Bartlit Beck LLP v. Okada, No. 19-cv-08508 (N.D. Ill. Mar. 12, 2021) [click for opinion]
Kazuo Okada (“Okada”), a Japanese gambling magnate, was the founder of Universal Entertainment Company (“UEC”), and owned a significant percentage of UEC’s stock. UEC, in turn, held a significant stake in Wynn Resorts Ltd. (“WRL”), a developer and operator of high-end casinos, and Okada sat on WRL’s board of directors.
Following a year-long investigation of Okada, headed by former FBI Director Louis Freeh, WRL concluded that Okada had likely violated the Foreign Corrupt Practices Act and committed other illegal acts. As a result, WRL forcibly redeemed UEC’s shares in WRL, for an amount at least $700 million lower than their market value, and evicted Okada from WRL’s board. WRL then sued UEC and Okada for damages for breach of fiduciary duty and a declaration that the redemption of UEC’s shares was proper. UEC counterclaimed and sought the difference in value between the redemption price and the market price of its shares.
When UEC and Okada’s counterclaims floundered, Okada attempted to change his fortunes by retaining litigation boutique Bartlit Beck LLP (“Bartlit Beck”). Bartlit Beck and Okada executed an engagement letter that included a flat monthly fee of $600,000, and a contingency fee of one-third of any recovery of the share redemption price differential, with a $50 million cap. The engagement letter included an arbitration clause covering any dispute arising out of or relating to the agreement.
Bartlit Beck eventually obtained a settlement for Okada substantial enough to earn the maximum $50 million contingency fee. When Okada did not pay, Bartlit Beck initiated an arbitration under the International Institute for Conflict Prevention and Resolution (“CPR”) Rules for Administered Arbitration.
While Okada’s participation in the arbitration was obstructive and dilatory at times, he actively defended himself for over eight months by submitting extensive briefing, engaging in discovery, and appearing at hearings, including the final pre-hearing conference. Less than three days before the final hearing, however, he announced through counsel that he would not appear.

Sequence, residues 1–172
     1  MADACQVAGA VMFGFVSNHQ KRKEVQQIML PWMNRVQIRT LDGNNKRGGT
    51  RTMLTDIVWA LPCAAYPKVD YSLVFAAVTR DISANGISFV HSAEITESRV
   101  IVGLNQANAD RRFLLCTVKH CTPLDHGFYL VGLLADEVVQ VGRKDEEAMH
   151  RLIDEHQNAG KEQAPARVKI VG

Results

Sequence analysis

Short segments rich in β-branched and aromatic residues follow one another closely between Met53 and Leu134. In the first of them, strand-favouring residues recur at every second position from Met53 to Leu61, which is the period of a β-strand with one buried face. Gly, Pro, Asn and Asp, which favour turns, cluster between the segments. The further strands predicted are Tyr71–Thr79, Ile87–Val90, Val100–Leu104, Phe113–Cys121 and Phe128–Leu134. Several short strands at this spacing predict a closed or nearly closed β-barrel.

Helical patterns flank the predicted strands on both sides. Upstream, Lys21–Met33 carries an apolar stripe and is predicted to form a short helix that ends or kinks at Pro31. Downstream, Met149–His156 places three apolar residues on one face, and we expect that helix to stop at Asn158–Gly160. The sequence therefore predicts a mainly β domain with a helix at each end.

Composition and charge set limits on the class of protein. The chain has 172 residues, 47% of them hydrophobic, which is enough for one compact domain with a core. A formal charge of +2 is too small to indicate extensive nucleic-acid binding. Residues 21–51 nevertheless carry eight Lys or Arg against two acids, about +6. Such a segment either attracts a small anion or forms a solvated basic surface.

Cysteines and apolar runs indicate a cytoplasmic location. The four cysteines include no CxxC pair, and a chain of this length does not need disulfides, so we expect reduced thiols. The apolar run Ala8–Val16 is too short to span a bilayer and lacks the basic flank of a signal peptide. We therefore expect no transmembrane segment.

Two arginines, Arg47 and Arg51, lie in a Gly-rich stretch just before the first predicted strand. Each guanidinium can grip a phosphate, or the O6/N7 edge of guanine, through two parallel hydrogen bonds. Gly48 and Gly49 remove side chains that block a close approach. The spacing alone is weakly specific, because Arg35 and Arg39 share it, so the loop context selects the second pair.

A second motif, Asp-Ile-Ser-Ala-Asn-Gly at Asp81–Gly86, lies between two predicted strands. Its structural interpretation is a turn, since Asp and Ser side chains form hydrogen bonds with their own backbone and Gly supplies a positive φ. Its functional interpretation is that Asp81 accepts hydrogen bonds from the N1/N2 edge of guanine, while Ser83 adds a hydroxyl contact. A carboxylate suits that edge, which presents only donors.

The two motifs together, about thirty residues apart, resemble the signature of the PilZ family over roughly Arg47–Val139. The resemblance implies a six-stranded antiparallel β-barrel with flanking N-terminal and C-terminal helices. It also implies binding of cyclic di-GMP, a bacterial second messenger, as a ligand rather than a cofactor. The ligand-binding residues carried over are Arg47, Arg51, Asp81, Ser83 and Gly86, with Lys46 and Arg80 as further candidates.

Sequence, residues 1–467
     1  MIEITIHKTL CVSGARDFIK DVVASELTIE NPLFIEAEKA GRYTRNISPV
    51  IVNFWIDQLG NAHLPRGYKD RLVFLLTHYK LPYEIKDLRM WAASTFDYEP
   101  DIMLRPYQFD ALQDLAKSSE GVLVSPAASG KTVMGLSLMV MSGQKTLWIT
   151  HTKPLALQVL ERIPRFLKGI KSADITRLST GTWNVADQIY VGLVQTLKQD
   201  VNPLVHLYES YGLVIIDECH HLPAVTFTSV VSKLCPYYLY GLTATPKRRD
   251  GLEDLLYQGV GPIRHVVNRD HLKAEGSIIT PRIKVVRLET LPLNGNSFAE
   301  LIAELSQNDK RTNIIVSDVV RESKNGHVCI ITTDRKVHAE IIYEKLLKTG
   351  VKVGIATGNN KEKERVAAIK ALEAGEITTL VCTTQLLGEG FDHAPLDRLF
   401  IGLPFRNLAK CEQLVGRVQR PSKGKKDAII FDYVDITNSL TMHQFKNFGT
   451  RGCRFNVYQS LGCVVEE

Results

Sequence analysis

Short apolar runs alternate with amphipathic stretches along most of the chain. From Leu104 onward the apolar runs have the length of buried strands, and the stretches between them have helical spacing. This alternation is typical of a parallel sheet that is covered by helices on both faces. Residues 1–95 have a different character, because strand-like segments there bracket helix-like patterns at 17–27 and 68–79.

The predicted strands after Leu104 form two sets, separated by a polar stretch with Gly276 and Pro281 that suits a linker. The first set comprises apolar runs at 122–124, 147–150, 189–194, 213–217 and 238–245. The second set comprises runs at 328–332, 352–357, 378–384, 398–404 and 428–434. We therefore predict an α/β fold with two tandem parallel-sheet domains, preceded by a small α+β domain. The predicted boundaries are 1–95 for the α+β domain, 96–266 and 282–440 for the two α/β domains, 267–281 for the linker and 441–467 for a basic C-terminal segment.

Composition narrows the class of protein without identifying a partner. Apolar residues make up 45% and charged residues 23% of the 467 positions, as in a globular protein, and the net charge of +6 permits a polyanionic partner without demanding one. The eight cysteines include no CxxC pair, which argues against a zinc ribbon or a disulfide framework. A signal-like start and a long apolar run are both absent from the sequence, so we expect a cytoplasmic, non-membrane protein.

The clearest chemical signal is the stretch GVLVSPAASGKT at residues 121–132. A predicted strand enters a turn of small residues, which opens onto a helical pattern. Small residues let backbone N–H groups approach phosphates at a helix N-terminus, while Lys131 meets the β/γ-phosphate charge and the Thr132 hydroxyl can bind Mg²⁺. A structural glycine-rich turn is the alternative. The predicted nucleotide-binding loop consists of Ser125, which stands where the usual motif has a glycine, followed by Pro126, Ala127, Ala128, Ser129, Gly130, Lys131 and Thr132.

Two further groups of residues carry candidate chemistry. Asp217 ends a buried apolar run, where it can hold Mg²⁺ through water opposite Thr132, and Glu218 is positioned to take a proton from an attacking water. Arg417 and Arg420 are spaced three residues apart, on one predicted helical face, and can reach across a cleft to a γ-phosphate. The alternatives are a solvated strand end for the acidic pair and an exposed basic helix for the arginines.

The tribunal warned Okada that if refused to appear, it would find Okada in default and proceed to hear Bartlit Beck’s case alone pursuant to CPR Rule 16. This Rule provides that if a party fails to comply with the CPR Rules in a material manner, the tribunal may set a deadline for compliance; if the party does not then comply, the tribunal may enter an award in default if the non-defaulting party produces appropriate evidence and legal arguments. CPR Rule 16 explicitly states that the defaulting party’s presence or participation is not required.
Okada replied that he disputed that any agreement existed with Bartlit Beck, and that he was ill and could not travel to the United States. When the tribunal requested arguments on how to address Okada’s nonappearance, he instructed his counsel to reply that they would not attend the hearing on the basis that he rejected the validity of the engagement agreement.
In accordance with CPR Rule 16, the panel allowed Bartlit Beck to submit a Final Brief in place of the hearing and refused to accept any such briefing from Okada, whom it determined had waived his right to present a defense. Days later, Okada’s counsel requested that the hearing be rescheduled if they could convince Okada to attend, but the tribunal declined, finding “no good cause to do so.” Shortly thereafter, the tribunal issued an award in Bartlit Beck’s favor.
Bartlit Beck sought to confirm the award in the Northern District of Illinois, where Okada argued the award should be vacated under Article V(1)(b) of the New York Convention because the tribunal had denied him a fair hearing. Okada alleged that the tribunal had refused to postpone the hearing despite his disclosure of a medical condition, and had refused to hear his defenses in the final written submissions.
The court, citing strong precedent deferring to the arbitrator’s decisions on evidentiary and procedural matters as long as they have a reasonable basis, rejected Okada’s argument. The court first found that the tribunal did not deny Okada a fair hearing by proceeding with the arbitration despite his alleged illness. The tribunal’s decision was deemed reasonable in light of Okada not raising the illness until after default was threatened, Okada’s failure to attempt to appear remotely or to reschedule the hearing, and his instructions to counsel to not appear because he considered the agreement invalid. Further, Okada did not present any evidence of his illness, although Bartlit Beck did produce photos of Okada lifting weights at the gym during the period at issue.
The court also found that the tribunal’s refusal to consider Okada’s defenses similarly did not deny him a fundamentally fair hearing. Because Okada refused to appear numerous times, the tribunal’s decision to move forward without him was reasonable, as it comported with CPR Rule 16’s provision that, after a party’s material noncompliance, a default award may be entered “without the defaulting party’s presence or participation.”
The court held that Okada’s voluntary decision not to participate in the arbitration did not constitute deprivation of a fundamentally fair hearing. Accordingly, it confirmed Bartlit Beck’s award and denied any relief to Okada.